MPs have backed a move to downgrade cannabis, putting it in the same group as tranquilisers and steroids.
Cannabis users will generally no longer be arrested for possession
The reclassification of the drug from Class B to Class C was supported by a majority of 156, despite Tory warnings it would lead more young people into harder drug use.
Junior Home Office minister Caroline Flint rejected claims that cannabis would become "semi-legal", claiming the move was part of an "honest and credible" strategy to tackle the wider drug problem.
The changes, which will come into effect in January next year, mean penalties for possession of the drug will be lessened, but dealers could face up to 14 years in jail.
Under guidelines drawn up by the Association of Chief Police Officers last month, police will also retain the power to arrest users in special circumstances, such as when the drug is smoked outside schools.
The Conservatives have described the move as "liberalisation", with shadow home secretary Oliver Letwin declaring the government's drug policy a "dreadful muddle".
And the Police Federation, which represents 130,000 police officers, is also against downgrading the drug to Class C.
Chairman John Barry said the reclassification sent out "a confusing and conflicting message", especially to young people.
Mr Blunkett believes the law must be changed to let police spend more time dealing with more harmful Class A drugs like crack cocaine and heroin which account for more crime.
At the moment, about 80,000 people are arrested and fined for cannabis possession every year.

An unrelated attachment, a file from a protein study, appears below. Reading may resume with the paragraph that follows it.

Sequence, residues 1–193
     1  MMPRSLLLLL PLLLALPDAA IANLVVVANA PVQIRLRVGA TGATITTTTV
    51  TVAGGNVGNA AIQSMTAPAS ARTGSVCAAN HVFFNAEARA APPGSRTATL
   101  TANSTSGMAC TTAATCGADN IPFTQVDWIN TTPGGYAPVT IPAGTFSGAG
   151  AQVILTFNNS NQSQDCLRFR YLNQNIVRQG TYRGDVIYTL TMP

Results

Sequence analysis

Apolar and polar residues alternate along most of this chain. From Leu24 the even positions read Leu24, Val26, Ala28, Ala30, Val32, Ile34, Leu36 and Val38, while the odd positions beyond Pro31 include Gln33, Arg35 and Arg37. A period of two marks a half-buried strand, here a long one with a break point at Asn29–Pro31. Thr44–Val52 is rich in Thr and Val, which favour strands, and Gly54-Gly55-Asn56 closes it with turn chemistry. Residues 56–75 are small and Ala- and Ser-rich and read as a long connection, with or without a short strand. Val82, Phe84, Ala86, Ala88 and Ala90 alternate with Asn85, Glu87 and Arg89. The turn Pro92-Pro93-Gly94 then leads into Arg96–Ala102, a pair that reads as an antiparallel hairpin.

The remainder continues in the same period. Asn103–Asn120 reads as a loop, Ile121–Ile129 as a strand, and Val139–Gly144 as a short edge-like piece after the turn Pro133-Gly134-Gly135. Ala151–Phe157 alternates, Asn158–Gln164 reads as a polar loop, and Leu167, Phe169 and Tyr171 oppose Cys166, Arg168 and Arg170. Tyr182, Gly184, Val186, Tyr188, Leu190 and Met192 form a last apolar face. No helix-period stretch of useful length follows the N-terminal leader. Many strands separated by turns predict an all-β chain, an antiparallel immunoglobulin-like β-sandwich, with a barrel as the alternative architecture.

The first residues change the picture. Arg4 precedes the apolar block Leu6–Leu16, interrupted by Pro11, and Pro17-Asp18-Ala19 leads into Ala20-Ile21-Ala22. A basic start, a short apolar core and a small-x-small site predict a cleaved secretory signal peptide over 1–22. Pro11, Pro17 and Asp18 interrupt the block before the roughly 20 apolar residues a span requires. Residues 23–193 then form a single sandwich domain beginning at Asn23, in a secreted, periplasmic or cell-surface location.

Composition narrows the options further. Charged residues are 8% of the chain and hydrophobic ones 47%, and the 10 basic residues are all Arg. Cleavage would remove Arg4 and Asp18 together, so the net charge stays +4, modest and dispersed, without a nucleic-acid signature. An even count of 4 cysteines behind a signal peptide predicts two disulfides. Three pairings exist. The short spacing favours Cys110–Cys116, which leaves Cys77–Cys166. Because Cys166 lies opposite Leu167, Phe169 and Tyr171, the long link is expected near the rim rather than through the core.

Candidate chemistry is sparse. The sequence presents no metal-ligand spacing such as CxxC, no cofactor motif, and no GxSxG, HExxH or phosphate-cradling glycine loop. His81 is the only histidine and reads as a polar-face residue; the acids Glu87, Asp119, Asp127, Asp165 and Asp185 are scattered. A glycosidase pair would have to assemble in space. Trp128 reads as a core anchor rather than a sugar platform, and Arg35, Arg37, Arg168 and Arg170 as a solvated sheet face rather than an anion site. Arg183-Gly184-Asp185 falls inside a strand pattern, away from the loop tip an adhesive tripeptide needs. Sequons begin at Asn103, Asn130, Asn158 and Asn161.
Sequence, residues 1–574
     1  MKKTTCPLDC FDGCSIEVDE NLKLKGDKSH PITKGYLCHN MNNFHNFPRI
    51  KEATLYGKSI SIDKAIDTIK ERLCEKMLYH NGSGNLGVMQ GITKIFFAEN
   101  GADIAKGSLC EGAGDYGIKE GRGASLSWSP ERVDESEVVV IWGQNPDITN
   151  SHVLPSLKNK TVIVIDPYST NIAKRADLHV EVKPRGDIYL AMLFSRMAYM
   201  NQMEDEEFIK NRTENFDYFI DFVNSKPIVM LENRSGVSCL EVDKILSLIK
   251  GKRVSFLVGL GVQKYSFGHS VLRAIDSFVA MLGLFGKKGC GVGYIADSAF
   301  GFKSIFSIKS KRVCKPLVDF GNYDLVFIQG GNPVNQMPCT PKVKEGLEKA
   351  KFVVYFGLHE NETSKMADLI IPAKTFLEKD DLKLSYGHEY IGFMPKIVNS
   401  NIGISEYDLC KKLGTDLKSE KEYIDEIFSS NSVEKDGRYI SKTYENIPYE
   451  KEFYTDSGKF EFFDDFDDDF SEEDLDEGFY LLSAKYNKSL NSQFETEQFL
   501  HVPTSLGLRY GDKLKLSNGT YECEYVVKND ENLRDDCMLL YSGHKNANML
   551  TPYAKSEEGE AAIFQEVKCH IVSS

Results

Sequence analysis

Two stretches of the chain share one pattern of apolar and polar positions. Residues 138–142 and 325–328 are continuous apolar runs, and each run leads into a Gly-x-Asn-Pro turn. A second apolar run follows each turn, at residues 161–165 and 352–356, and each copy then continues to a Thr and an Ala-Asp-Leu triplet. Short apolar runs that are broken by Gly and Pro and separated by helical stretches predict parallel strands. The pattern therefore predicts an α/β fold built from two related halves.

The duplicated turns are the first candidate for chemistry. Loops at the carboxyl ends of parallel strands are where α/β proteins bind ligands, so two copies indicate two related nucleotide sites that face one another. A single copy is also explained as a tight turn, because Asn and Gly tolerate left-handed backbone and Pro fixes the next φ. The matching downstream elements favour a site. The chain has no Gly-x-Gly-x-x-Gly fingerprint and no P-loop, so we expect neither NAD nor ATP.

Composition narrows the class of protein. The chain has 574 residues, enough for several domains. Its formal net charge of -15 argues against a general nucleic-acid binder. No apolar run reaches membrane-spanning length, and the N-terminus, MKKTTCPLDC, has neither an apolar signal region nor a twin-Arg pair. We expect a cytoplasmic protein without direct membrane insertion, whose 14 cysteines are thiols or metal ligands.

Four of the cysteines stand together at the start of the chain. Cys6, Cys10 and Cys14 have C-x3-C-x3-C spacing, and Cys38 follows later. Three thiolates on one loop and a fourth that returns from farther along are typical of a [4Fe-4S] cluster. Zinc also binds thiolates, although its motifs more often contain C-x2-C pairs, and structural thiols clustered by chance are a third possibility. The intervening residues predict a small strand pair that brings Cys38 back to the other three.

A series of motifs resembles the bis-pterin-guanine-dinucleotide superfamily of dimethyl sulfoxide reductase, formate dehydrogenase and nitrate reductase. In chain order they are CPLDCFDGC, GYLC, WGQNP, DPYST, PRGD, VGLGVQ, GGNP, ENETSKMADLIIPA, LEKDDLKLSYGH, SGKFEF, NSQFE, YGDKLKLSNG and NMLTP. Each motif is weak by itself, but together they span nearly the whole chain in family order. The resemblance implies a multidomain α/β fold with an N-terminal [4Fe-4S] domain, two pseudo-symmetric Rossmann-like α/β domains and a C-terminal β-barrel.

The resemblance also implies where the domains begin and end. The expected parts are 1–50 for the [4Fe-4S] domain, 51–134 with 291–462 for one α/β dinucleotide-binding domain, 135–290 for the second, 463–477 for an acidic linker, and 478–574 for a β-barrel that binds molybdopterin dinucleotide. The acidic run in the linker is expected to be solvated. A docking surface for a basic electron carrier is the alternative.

After a change in rules, anyone caught in possession of cannabis will only receive a warning and will have the drug confiscated.
But some drugs law campaigners are concerned about a failure in the guidelines to spell out the amount of cannabis deemed as being "for personal use".
Danny Kushlick, director of Transform, a national charity campaigning for reform, said that while the health impacts of cannabis were hotly disputed, it was obvious that illegal production was less safe than if it were regulated.
"The only way to ensure that cannabis users are aware of the strength, purity and potential dangers of cannabis is to legalise, regulate and control its production and supply," he added.
But Lesley King-Lewis, chief executive of Action on Addiction, said the move would increase cannabis use.
She said: "As many as one in 10 cannabis users become addicted. Cannabis use is associated with cancers of the mouth, tongue, throat, oesophagus and lung and reductions in fertility as well as with mental illnesses such as schizophrenia and depression."